Question: What has " Objectivism " got to opine on the outsourcing of American jobs to third world countries?

Answer: Objectivism advocates the separation of the state from the economy, for the same basic reason that there should be separation of the state from religion: Both the economic choices of individuals as they trade the goods and services they need, and their choice of groups or belief systems to associate with, are exercises of the individual conscience that only have meaning if undertaken freely.
The functions of government should be limited on this view to national defense, police work, and the provision and enforcement of an objective code of law, all constrained by the fundamental purpose of securing the citizens' rights to individual life, liberty, and property. So Objectivists favor laissez-faire capitalism and free trade, and do not support the restraint of trade except in cases that bear sharply on national defense. (It might be proper, for instance, to restrict the export of vital technology to objectively illegitimate enemy states, such as North Korea.)
Outsourcing is at root simply an exercise in international trade. Objectivists are individualists: We do not favor ethnic discrimination or discrimination on the basis of national origin; we favor discrimination on the basis of the rationality and competence of individuals, be they residents of our own country or residents of a foreign land. Indeed, that is the principle of justice. If a worker in India, for example, can do as good or better work than, say, a Canadian, for less money, and thanks to modern technology is now able to provide that service to Canadians, then what right does the Canadian have to demand the job? It is the business—and the right—of the owners of the firm that hires the workers to find individuals who best can serve its purposes and can generate the most value and profit—wherever those workers might be.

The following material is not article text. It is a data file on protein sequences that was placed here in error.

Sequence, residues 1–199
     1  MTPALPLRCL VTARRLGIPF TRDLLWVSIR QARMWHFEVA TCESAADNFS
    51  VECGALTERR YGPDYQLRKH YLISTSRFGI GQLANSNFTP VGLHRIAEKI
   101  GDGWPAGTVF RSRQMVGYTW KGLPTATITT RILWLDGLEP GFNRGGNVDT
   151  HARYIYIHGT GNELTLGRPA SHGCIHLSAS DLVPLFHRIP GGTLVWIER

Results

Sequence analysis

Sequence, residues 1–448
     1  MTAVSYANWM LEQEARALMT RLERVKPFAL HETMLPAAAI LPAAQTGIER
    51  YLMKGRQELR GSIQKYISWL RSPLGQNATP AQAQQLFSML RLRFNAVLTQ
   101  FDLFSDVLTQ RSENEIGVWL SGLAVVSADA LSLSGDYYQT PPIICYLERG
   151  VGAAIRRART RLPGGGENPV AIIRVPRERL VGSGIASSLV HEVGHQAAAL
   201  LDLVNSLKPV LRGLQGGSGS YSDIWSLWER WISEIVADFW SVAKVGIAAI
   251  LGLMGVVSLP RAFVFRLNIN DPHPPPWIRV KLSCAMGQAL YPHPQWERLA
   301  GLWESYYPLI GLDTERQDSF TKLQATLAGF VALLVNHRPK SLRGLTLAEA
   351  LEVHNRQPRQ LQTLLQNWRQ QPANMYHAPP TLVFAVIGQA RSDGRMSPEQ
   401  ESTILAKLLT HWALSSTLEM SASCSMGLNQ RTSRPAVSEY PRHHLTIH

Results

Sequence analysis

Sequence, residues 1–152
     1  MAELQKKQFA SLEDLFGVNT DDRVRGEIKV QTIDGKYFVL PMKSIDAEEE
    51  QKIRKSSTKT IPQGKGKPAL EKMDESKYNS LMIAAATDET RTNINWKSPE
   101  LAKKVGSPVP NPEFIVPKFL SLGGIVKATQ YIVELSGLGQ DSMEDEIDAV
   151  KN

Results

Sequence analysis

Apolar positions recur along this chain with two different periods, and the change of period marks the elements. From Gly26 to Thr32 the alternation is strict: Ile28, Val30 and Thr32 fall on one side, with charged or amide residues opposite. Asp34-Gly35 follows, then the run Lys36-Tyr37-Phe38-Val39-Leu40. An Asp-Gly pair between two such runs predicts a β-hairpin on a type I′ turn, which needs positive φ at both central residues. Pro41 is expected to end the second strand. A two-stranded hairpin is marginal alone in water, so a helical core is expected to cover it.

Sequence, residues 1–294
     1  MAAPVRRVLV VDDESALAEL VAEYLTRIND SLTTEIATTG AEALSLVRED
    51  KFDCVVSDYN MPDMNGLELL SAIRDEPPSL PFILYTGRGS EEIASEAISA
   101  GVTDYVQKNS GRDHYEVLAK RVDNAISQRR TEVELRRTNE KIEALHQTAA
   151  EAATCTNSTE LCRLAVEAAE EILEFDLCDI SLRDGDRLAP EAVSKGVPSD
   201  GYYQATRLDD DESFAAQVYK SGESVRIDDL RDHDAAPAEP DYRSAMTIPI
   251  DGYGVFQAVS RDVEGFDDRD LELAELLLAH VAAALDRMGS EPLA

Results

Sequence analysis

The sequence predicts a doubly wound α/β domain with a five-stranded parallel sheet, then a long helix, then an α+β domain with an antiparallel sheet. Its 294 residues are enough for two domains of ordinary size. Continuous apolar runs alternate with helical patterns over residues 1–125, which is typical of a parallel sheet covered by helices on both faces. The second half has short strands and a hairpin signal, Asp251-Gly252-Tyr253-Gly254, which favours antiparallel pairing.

It is a great sign for the growing integration of the world economy and for the spread of free-market capitalism that international outsourcing is growing and expanding. It enriches hard-working people in third-world countries, enriches the first-world customers of outsourcing firms, and helps build ties that increase the chances for greater prosperity and international peace.

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About The Author:

Author: William Thomas
William R Thomas writes about and teaches Objectivist ideas. He is the editor of The Literary Art of Ayn Rand and of Ethics at Work, both published by The Atlas Society. He is also an economist, teaching occasionally at a variety of universities.

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